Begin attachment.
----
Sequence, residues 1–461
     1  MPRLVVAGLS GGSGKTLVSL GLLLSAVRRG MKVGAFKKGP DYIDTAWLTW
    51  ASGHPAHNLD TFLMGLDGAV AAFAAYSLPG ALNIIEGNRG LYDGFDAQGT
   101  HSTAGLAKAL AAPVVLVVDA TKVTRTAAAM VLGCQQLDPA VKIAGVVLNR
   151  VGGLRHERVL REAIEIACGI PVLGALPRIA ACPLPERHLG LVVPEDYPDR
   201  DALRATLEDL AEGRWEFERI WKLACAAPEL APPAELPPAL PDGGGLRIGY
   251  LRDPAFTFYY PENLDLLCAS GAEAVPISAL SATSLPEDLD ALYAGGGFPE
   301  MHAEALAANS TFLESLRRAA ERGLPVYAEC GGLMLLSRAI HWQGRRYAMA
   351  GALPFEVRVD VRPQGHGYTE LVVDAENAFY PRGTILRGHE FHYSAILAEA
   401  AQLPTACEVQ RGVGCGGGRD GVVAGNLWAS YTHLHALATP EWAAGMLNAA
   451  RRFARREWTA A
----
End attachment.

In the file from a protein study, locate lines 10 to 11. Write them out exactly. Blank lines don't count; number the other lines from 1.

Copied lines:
   401  AQLPTACEVQ RGVGCGGGRD GVVAGNLWAS YTHLHALATP EWAAGMLNAA
   451  RRFARREWTA A